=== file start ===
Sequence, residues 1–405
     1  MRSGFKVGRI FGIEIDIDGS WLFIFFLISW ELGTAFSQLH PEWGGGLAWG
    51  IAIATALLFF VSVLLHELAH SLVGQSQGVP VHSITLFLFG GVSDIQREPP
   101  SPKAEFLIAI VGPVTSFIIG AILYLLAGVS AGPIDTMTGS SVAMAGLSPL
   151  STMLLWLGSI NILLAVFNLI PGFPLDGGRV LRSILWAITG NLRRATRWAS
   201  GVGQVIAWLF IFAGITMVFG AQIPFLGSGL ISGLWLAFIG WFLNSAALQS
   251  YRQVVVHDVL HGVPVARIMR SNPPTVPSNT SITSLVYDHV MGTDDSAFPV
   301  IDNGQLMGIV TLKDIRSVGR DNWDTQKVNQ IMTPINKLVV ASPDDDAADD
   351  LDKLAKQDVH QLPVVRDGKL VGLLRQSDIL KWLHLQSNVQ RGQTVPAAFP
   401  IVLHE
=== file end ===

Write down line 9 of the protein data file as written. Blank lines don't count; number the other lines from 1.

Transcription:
   351  LDKLAKQDVH QLPVVRDGKL VGLLRQSDIL KWLHLQSNVQ RGQTVPAAFP